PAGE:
The ability to learn from experiences is clearly indispensable, in the medical device sector as in any other industry. Through the implementation of a refined Lessons Learned Process, tailored to specific organisational needs, we better positioned our teams to avoid common pitfalls, reduce errors, and prevent costly delays. Learnings from past failures and successes also began to generate process streamlining initiatives, expedite development, and reduce time-to-market. Through understanding of pitfalls and key elements of this process, and continuous refinement of the process through LEAN principles, the organisation became committed to the practical transformation of knowledge into action. Together with the future incorporation of technology, and further incorporation of past learnings into key risk management documents, this process lays the foundation for successful leveraging of past experiences.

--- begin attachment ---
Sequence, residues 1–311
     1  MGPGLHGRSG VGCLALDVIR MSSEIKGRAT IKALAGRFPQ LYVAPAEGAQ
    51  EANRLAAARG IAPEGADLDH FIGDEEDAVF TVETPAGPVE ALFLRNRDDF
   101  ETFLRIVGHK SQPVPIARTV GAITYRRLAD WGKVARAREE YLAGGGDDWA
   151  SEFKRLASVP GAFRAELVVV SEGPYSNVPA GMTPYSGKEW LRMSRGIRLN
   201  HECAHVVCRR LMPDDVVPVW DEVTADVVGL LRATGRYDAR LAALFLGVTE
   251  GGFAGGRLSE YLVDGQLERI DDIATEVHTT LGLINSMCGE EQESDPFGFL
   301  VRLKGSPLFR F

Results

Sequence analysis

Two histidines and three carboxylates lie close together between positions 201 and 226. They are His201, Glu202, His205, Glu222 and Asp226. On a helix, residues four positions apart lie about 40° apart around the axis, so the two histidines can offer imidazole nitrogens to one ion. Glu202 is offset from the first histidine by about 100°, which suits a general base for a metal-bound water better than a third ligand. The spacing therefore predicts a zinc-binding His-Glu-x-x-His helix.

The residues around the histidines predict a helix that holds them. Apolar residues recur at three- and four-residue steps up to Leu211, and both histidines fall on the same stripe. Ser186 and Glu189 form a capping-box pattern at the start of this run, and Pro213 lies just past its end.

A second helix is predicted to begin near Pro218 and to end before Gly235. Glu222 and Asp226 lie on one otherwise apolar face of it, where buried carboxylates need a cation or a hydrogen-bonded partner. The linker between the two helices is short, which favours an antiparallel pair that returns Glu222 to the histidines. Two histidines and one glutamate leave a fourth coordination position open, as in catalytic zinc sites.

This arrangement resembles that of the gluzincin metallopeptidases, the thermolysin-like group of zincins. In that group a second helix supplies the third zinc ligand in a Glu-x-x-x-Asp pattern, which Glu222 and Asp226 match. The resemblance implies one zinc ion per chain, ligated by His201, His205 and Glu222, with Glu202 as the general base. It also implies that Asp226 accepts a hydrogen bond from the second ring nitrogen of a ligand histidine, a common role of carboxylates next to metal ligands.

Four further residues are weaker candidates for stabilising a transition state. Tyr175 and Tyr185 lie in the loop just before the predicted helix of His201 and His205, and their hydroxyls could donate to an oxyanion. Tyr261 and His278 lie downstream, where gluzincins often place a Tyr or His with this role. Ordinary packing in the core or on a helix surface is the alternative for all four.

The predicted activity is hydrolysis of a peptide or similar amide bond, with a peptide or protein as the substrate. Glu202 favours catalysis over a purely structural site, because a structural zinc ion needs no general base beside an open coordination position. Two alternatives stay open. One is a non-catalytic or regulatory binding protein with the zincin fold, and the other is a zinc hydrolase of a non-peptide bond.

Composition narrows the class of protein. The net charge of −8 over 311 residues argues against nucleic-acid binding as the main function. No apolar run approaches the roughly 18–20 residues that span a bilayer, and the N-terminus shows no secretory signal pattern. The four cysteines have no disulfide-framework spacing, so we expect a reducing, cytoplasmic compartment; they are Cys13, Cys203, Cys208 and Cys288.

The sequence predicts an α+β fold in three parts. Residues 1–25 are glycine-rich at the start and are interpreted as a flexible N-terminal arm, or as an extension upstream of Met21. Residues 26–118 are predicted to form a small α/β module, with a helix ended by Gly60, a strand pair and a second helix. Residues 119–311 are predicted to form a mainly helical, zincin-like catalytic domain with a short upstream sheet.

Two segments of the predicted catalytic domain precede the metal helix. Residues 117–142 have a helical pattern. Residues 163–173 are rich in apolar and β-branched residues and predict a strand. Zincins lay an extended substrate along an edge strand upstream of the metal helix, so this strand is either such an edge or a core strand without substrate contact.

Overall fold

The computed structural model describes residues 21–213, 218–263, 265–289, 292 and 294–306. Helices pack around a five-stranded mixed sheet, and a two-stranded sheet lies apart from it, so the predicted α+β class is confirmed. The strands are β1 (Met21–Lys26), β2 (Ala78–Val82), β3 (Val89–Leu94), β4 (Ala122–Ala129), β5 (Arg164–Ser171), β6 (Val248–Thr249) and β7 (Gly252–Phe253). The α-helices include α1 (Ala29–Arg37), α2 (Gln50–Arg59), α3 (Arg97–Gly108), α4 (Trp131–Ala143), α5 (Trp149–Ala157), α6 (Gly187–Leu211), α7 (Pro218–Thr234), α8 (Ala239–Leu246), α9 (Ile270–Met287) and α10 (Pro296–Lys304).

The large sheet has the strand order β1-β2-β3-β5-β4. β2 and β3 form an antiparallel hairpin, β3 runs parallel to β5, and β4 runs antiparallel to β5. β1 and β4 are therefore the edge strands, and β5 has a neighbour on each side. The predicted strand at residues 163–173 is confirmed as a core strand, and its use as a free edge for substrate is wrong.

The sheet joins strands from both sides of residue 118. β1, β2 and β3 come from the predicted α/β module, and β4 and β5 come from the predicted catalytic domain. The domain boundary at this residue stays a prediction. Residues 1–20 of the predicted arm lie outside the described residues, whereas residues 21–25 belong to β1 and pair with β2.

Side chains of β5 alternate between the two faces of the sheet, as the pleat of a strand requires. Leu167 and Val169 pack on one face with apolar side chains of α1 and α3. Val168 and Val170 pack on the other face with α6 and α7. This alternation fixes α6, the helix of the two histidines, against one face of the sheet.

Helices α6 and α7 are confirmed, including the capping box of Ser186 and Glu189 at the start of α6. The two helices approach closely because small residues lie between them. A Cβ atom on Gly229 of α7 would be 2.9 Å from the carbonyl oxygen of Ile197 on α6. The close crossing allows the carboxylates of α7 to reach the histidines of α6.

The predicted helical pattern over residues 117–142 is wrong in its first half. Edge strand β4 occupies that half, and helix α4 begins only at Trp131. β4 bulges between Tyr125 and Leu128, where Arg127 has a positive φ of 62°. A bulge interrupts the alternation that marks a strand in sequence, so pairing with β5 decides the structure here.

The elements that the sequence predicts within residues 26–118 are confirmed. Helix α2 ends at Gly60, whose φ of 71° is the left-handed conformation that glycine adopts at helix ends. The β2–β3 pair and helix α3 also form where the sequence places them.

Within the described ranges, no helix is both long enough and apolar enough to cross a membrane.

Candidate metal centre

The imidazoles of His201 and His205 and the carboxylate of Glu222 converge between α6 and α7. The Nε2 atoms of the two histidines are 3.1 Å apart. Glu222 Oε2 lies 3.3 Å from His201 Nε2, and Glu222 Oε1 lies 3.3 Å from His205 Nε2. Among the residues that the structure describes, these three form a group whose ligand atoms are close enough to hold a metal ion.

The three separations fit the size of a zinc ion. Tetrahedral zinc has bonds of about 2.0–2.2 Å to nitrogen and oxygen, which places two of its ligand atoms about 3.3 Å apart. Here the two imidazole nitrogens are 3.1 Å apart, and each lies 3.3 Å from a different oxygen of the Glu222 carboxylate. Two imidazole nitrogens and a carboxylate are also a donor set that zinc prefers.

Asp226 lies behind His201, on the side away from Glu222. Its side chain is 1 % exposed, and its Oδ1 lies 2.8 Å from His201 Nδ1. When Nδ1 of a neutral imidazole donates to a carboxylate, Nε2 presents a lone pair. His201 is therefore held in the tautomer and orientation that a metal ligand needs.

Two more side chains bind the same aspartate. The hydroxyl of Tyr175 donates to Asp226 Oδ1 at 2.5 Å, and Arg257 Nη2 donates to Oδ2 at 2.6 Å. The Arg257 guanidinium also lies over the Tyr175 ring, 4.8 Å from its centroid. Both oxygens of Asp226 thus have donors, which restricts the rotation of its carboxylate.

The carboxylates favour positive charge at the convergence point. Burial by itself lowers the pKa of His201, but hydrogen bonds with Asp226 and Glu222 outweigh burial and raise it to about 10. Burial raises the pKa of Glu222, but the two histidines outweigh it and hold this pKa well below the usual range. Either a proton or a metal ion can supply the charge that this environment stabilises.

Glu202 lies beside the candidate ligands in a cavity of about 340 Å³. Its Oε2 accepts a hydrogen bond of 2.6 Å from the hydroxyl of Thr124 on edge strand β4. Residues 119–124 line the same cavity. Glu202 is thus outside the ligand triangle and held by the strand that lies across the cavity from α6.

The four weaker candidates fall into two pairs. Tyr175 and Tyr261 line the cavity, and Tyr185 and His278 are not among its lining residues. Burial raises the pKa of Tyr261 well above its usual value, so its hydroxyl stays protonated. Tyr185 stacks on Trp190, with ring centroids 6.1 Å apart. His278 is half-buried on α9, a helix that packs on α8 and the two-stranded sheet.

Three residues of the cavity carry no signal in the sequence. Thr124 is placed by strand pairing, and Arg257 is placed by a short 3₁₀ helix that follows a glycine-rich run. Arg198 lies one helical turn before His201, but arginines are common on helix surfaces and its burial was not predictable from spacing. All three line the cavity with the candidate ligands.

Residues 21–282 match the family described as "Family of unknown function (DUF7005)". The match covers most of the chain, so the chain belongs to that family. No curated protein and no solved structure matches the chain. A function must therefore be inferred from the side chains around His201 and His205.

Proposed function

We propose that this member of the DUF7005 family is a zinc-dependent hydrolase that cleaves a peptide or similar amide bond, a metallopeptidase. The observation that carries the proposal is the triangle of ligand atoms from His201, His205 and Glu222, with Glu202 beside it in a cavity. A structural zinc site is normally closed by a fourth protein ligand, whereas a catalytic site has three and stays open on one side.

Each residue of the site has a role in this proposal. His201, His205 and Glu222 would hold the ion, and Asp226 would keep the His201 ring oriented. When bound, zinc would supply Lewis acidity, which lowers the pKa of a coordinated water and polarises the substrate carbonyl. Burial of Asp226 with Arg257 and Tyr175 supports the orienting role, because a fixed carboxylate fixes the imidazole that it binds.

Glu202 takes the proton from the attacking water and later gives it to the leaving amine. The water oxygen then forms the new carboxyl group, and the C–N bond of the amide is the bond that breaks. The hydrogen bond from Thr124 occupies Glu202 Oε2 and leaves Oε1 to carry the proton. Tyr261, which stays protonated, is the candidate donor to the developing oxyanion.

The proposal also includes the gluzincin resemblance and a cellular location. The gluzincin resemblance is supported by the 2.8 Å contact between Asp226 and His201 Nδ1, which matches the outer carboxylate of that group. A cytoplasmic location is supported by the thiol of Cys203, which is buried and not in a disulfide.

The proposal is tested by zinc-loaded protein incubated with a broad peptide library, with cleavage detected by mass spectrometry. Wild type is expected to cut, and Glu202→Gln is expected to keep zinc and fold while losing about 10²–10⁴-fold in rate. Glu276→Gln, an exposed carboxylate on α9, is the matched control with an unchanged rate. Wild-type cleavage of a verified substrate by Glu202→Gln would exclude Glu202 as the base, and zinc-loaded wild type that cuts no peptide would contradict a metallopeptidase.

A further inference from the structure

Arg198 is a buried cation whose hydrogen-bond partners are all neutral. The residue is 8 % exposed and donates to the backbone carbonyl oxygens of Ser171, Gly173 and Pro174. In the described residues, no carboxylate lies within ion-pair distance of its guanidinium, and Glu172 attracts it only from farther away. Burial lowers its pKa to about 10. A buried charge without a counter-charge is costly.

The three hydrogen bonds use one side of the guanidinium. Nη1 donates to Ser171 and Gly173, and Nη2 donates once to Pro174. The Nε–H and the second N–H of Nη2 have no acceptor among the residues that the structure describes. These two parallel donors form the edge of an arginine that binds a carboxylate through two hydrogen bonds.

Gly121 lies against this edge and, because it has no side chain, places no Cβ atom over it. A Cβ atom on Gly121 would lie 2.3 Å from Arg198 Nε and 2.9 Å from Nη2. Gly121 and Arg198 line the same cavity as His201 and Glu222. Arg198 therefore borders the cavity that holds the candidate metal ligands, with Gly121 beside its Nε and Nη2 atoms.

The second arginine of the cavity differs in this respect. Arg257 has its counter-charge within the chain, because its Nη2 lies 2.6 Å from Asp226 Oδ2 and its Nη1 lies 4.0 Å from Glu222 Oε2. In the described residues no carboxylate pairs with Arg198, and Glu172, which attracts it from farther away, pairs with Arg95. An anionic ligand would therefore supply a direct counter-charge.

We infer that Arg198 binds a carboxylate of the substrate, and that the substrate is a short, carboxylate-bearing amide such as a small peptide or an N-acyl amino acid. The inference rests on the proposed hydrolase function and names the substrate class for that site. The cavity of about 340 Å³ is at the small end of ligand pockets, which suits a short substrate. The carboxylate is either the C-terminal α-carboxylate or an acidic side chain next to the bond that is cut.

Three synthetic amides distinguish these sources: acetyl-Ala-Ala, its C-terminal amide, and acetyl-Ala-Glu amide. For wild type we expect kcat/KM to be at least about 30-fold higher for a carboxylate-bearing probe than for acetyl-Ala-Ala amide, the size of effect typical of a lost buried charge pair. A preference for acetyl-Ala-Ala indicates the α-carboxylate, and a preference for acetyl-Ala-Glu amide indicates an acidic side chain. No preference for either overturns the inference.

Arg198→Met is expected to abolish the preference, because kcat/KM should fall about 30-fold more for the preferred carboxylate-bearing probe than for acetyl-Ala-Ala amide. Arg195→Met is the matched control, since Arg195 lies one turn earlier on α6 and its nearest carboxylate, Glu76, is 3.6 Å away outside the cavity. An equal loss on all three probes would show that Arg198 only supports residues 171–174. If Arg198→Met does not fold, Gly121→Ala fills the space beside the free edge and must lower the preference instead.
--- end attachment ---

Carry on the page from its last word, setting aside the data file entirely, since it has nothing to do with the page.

A Heartfelt Thanks

I would like to extend my heartfelt thanks to Mrs. Rosablanca Paez, who led the continuous improvement efforts, and guided our PMO team through the LEAN workshops. Her passion, expertise, and dedication were instrumental in advancing our Lessons Learned Process.



[1] Nick Milton, “Lessons Learned Handbook – Practical Approaches to Learning from Experience”, Elsevier Science & Technology (2010)